'Somebody looking out for us': Program gives younger Yorkers a boost

Tina Locurto
York Dispatch

Though Christian Trostle grew up without a father, he’s recently gained a few new male role models in his life looking out for him.

Trostle, alongside his brothers Noah and Micah, joined the Advantage Program —  a nonprofit started by Tavon Parker designed to teach underprivileged kids valuable skills and expose them to life outside of York County. 

“It’s great because I don’t really have many mentors,” Trostle said. “It’s good to have somebody looking out for us.”

Trostle, a 17-year-old senior at Crispus Attucks Charter School in York, dreams of starting his own landscaping business.

So it was a no-brainer for Parker, who owns Tavon’s Lawn Care, to hire the student and help him gain experience in the field.

“A lot of times people that are getting looked up to are doing the wrong thing, and it’s easy to do the wrong thing when that’s all you see,” Parker said. “You can only go as far as the people you know.”

As part of the program, participating students attend weekly Saturday meetings on topics such as financial literacy, community involvement, entrepreneurship and personal hygiene.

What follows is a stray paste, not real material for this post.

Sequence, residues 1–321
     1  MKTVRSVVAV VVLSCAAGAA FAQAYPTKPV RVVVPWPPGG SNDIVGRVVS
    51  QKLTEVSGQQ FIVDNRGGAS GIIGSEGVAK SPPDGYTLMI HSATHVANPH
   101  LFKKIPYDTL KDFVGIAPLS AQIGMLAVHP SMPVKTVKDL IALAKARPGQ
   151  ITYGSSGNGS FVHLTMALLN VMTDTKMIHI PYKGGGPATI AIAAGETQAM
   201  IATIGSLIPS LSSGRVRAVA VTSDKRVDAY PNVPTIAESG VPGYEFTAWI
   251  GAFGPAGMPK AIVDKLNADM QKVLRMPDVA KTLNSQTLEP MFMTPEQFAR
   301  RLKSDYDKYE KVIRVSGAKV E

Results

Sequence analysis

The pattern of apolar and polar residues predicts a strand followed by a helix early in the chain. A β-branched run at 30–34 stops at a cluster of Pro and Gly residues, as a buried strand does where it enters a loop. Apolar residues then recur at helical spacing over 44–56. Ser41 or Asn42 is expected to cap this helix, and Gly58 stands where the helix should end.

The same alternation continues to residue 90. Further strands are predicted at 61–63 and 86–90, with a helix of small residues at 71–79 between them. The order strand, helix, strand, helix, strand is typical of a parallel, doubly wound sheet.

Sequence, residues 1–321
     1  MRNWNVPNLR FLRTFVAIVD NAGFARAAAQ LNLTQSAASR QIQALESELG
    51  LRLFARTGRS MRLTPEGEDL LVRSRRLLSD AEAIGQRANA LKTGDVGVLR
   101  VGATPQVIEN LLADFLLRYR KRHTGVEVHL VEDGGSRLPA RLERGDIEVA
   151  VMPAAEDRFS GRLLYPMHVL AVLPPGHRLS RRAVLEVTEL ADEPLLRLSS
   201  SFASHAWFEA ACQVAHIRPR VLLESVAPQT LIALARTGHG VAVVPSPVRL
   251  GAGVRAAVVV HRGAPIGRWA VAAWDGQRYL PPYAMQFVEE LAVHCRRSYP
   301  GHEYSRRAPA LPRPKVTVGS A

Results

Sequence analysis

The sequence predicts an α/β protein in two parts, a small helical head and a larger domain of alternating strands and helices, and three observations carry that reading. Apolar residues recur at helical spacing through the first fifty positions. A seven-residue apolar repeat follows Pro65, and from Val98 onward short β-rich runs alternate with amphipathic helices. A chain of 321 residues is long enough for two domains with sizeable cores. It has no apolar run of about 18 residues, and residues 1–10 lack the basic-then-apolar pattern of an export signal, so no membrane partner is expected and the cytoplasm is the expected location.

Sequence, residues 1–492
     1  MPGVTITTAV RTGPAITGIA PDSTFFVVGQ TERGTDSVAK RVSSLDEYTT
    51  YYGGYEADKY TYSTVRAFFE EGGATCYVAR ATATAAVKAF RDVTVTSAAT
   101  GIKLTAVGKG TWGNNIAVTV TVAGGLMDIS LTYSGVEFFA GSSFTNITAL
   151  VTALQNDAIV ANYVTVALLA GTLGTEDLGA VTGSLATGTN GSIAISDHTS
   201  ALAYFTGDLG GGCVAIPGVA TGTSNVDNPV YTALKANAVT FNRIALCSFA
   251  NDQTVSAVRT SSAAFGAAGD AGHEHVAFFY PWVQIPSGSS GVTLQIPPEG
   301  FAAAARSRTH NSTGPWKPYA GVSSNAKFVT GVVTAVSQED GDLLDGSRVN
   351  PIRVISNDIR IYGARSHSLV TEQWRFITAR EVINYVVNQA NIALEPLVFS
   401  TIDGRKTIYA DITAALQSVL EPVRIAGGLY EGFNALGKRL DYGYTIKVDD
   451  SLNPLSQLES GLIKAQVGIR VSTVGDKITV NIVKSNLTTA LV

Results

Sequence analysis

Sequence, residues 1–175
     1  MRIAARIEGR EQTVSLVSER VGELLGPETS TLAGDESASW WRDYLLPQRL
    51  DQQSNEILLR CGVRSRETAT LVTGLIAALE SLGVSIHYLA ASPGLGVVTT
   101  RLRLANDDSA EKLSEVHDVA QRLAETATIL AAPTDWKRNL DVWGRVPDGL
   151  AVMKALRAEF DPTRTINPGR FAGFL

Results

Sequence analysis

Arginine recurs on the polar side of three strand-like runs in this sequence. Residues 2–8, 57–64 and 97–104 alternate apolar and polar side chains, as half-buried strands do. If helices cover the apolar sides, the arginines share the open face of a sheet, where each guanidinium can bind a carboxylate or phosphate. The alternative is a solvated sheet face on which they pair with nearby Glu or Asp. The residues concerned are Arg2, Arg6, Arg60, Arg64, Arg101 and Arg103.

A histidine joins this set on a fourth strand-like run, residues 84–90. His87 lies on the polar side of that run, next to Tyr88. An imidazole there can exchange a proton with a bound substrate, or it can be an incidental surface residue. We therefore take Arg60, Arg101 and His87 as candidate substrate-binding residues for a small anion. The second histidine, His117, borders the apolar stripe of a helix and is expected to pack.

Each month, an overall theme guides weekly lessons and culminates in a trip outside York County. 

So far, students have traveled to Philadelphia, participated in paint classes and played baseball on the York Revolution’s field.

“It’s a great feeling to provide an outlet for these young men, not only to enjoy themselves but to look at people that are doing the right thing and being productive,” Parker said.

Trostle initially joined Advantage as an outlet to be creative, travel and learn about new experiences. He said that since his two brothers don’t get out of their home often, Trostle and his mother urged the two to also apply.

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“I’m in the house a lot sometimes, and I just needed to get out of the house,” Trostle said. “It feels nice to help out the other kids and stuff.”

With 13 kids in the program ranging from as young as 9 to 17-year-old Trostle, Parker said many mothers have approached him about getting their kids to join for various reasons.

One mother told Parker her preteen son gets into fights and she wanted him to be around older kids who could be a good influence.

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Another mother wanted the boy she's fostering to have more male influences in his life.

Currently, the Advantage Program only has three to five mentors able to attend the weekly meetings and trips at once.

Interested individuals can apply to be a mentor by emailing TheAdvantageProgramYork@gmail.com.

As Parker said: “I’m just happy to help."

— Reach Tina Locurto at tlocurto@yorkdispatch.com or on Twitter at @tina_locurto.